Charles I is the only English monarch in history to be tried and executed for high treason. As King of England, Charles clashed with the English parliament over the extent of his Royal Prerogative. Parliament eventually rebelled, triggering the English Civil War. Charles’ Royalist troops lost the war and the king was later hung at Whitehall in 1949.
Charles was born in 1600 in Fife as King James I’s second son. His elder brother, Henry, died in 1612 and Charles became King of England in 1625 following the death of his father. He was the second Stuart king.
Despite his princely status, Charles was quiet and shy. He tended to stay in the background because he had a stammer. He was conscious of his diminutive stature: Charles may have been just over five feet tall. In paintings of Charles and his family are normally depicted sitting while he stands in order to hide his height.
Charles was a good linguist and he loved art. He invited famous contemporary artists like Van Dyck and Rubens to paint in England and he bought expensive paintings by old masters such as Titian and Raphael. He raided the royal coffers to sate his passion for collecting art.
Charles was a very religious man. He preferred elaborate and sensual church services replete with ritual and incense, as opposed to pared-back and simple Protestant services. To many Protestants, his penchant for colourful services veered worryingly close to a preference for Catholicism. They feared that Catholicism would slowly encroach on Anglican religious practice. This nervousness about the fate of Anglicanism was one of the causes of the English civil war.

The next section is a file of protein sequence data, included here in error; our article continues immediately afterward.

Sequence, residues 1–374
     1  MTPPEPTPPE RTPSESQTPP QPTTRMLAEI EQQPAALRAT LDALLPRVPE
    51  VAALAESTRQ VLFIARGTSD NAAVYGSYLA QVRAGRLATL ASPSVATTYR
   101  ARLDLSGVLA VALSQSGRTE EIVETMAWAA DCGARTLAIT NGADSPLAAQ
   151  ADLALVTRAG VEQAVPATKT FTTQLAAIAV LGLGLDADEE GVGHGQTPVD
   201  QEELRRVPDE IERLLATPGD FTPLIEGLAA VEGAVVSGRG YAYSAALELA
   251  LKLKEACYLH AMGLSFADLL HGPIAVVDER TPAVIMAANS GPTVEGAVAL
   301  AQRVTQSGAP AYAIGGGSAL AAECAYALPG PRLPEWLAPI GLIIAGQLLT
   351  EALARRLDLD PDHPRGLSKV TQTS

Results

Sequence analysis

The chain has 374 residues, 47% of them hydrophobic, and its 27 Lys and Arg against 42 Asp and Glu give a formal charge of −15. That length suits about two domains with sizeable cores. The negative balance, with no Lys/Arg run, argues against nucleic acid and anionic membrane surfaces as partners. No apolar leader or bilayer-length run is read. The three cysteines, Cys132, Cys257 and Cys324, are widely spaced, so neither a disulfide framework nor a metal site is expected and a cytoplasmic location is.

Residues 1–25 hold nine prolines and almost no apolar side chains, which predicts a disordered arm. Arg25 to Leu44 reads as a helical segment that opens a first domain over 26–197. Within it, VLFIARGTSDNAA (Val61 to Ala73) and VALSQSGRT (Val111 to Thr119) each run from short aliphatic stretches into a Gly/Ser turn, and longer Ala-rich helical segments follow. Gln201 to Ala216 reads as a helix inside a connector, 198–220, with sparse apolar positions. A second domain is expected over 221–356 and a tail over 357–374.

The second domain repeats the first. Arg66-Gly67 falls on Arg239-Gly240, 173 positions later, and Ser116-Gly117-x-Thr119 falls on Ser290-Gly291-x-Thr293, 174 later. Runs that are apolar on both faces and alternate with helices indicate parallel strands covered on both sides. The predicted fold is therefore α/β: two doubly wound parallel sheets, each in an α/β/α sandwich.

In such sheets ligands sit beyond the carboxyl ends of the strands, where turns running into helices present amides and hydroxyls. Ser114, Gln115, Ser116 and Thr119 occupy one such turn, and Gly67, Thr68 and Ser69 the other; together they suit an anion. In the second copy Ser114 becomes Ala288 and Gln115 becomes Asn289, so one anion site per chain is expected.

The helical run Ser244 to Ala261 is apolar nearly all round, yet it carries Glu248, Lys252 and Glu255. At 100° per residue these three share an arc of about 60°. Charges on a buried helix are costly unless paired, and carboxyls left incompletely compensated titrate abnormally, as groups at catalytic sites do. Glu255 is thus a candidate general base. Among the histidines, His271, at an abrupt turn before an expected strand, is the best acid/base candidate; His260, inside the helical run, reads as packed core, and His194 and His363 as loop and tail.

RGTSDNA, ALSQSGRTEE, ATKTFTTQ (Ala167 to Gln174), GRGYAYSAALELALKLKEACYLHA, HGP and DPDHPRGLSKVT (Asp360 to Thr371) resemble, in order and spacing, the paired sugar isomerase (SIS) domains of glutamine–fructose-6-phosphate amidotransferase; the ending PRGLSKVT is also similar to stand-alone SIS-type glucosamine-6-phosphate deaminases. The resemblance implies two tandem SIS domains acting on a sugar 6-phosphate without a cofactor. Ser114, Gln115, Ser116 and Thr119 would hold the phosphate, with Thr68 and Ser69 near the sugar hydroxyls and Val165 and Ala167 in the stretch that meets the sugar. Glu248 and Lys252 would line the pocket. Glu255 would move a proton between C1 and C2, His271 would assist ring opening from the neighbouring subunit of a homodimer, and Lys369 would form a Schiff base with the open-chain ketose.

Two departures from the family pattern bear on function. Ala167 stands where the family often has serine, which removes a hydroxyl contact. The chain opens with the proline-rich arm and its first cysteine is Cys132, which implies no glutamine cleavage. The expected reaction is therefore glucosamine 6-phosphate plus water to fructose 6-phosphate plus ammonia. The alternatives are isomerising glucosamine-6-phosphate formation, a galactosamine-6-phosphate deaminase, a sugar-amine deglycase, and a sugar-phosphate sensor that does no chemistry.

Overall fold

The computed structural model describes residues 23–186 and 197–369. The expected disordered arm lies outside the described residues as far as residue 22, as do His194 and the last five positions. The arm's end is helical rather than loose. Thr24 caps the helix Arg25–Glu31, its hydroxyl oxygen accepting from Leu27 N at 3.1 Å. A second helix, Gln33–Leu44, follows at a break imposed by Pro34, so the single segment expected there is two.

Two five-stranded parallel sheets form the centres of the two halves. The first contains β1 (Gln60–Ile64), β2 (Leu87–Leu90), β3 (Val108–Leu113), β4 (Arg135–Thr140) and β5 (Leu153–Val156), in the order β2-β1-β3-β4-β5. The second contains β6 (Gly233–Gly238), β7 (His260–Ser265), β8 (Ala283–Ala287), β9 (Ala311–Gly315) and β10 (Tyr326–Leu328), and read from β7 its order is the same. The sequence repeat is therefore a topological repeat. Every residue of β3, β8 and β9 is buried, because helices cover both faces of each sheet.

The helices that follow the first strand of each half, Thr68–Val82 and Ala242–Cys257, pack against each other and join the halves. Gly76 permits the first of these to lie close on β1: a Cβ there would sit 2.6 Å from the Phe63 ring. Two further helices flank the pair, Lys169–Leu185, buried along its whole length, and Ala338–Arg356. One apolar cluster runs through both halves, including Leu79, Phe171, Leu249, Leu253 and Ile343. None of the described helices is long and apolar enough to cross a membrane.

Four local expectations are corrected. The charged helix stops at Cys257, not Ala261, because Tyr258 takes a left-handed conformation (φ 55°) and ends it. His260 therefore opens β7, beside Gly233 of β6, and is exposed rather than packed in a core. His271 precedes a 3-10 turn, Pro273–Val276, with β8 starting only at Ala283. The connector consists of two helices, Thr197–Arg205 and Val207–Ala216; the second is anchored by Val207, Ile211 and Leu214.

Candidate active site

Charles provoked anger by keeping favourites at court. One of his favoured advisors, the Duke of Buckingham, was murdered in 1628. Parliament agreed that Charles could pick his own advisors, but only if the person appointed was deemed acceptable by Parliament.
Charles’ wranglings with Parliament led to the Eleven Years Tyranny: Charles ruled without recourse to Parliament from 1629 to 1640. Charles I was entitled to do this under the Royal Prerogative, and his actions did not provoke much anger across England as a whole.
However, Charles’ money collecting methods triggered discontent. Before Charles’ reign, the ship money levy was only used in coastal areas in times of war. Charles raised money with the levy in peacetime across the whole nation. Between 1634 and 1638 this levy raised £150,000 to £200,000 per year. This tax was paid by relatively poor people as well as the rich. People who refused to pay it were imprisoned. Charles also raised money by granting monopolies. This was done without the support of Parliament.
In 1637, Charles introduced a new Book of Common Prayer in Scotland. The new prayer book was suffused with ritual and grandeur. This was inimical to Scottish protestants, who wanted simple and plain prayer services. In July, riots broke out in Scotland, and in 1938 the General Assembly of the Church of Scotland rejected the prayer book. In 1939-1940 Charles I fought the Scottish Covenanters in the Bishops Wars.
In November 1640, Charles was finally forced to recall Parliament to finance the conflict in Scotland. Parliament would only agree to assist the king on the following conditions.
Parliament and the King were now on a collision course. Parliament's demands challenged Charles' belief in the divine right of the king - a view that he had been chosen to rule over England by God. In 1642, Charles attempted to arrest five of his key detractors in Parliament. They fled to the safety of the city of London. Conflict was now ever more likely.
Charles raised his royal standard at Nottingham in August 1642 and called on all loyal subjects to support him. Oxford became his war headquarters.
Sir William Waller, a Member of Parliament, called the English Civil War "this war without an enemy". The conflict would result in Charles’ death. He was executed on 30 January 1649 at Whitehall.
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